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Heartbleed security bug: What should enterprises do now?

While the Heartbleed security bug prompts viability questions about OpenSSL, enterprises should be working with vendors to implement patches.

The Heartbleed security bug has left vendors scrambling to patch vulnerable products, websites and services, but enterprises shouldn't sit idly by and wait for new patches and reissued certificates. Companies must do their own due diligence to determine how much the exploit affected their own environments. They may find they need to re-evaluate their entire approach to security.

Heartbleed is a security vulnerability within certain versions of OpenSSL, an open source implementation of Secure Sockets Layer (SSL). OpenSSL is supposed to send out a "heartbeat extension" to verify the connection between two servers or devices is live and is encrypting sensitive information on Web servers, but researchers discovered OpenSSL is flawed. Attackers can access encrypted content, usernames, passwords and private keys for X.509 certificates by sending malformed heartbeat requests. The security bug is bringing up new questions for the industry around the viability of OpenSSL -- which is used by approximately 66% of all active websites.

"This needs to be a 'trust but verify' conversation," said John Pironti, president of Rowley, Mass.-based consultancy IP Architects LLC. "Blindly trusting open source code to be bug-free and viable is probably not a good idea at this point."

What vendors are doing about the Heartbleed security bug

Many enterprises have been relatively helpless, waiting for vendors to patch their products and services. The most important thing companies should be doing is implementing the patches where they can, and updating the OpenSSL software," said Joseph Schumacher, senior security consultant for Chicago-based security and risk management consulting company Neohapsis.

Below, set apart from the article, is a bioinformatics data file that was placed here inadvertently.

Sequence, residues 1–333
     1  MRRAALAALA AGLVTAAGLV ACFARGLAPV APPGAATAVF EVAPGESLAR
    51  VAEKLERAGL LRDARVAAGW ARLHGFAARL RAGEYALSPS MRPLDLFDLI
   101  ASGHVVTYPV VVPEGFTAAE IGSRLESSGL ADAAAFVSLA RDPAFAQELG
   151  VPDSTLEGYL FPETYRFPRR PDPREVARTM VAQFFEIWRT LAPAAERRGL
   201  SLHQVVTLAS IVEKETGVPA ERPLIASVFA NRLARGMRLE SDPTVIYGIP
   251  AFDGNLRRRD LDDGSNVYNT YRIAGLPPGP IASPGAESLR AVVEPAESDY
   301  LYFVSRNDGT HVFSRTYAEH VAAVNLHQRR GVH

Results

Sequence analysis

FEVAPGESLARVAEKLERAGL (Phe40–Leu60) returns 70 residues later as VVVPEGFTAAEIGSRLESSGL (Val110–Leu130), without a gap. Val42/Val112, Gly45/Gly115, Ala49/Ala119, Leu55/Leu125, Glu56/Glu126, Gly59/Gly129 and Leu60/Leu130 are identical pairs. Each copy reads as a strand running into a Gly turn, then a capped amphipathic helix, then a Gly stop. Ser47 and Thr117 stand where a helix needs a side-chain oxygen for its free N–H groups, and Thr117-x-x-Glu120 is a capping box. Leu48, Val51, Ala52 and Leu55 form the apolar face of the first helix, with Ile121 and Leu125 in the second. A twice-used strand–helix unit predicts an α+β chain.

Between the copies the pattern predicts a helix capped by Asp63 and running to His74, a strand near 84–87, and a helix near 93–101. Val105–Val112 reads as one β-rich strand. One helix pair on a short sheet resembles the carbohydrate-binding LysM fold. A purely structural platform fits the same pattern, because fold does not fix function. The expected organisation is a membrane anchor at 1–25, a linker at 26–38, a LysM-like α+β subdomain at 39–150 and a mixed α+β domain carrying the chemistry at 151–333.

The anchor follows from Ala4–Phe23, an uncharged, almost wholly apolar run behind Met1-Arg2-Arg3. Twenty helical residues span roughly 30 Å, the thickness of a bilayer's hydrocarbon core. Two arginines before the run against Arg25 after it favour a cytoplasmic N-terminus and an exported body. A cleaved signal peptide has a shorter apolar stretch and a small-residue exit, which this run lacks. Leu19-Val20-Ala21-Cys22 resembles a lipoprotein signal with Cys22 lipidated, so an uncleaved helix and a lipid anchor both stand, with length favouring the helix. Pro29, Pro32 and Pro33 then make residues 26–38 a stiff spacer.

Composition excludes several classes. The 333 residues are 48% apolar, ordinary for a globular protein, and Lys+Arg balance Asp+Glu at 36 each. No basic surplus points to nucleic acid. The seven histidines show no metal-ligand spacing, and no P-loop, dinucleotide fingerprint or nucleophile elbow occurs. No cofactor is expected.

Many large networking vendors use OpenSSL code within their offerings. Products or services using any version of OpenSSL released between March 2012 and April 2014 were affected.

Several offerings from Juniper Networks -- including its network and cloud access control platform, Unified Access Control (UAC) -- were affected by the OpenSSL vulnerability, but the company patched all its affected products. The last patch for UAC was issued late last week. "Every Juniper product affected by the Heartbleed vulnerability now has a fix," according to a Juniper spokesperson. "We continue to work closely with customers to help them update their systems."

Multiple Cisco products and platforms incorporate a version of the OpenSSL package affected by the Heartbleed security bug, including its Nexus 1000V Switch for Microsoft Hyper-V, and several telepresence offerings and IP phones. Cisco has issued several software updates, and is still working on more patches and workarounds. The company is still investigating some products to determine if -- and how much -- they have been impacted, according to a Cisco security advisory.

While Cisco has been slow and deliberative with its patches, some vendors have rushed out patches that were not complete. Akamai Technologies Inc. attempted to get ahead of Heartbleed and immediately introduced a patch to block any potential exploits. The Cambridge, Mass.-based content delivery network provider later determined the patch was only partially effective, and has since replaced it with a new patch, which allows end users to keep the same OpenSSL version, but alters the code so access to sensitive data is blocked, Neohapsis' Schumacher said.

The Heartbleed security bug: What immediate action should enterprises take?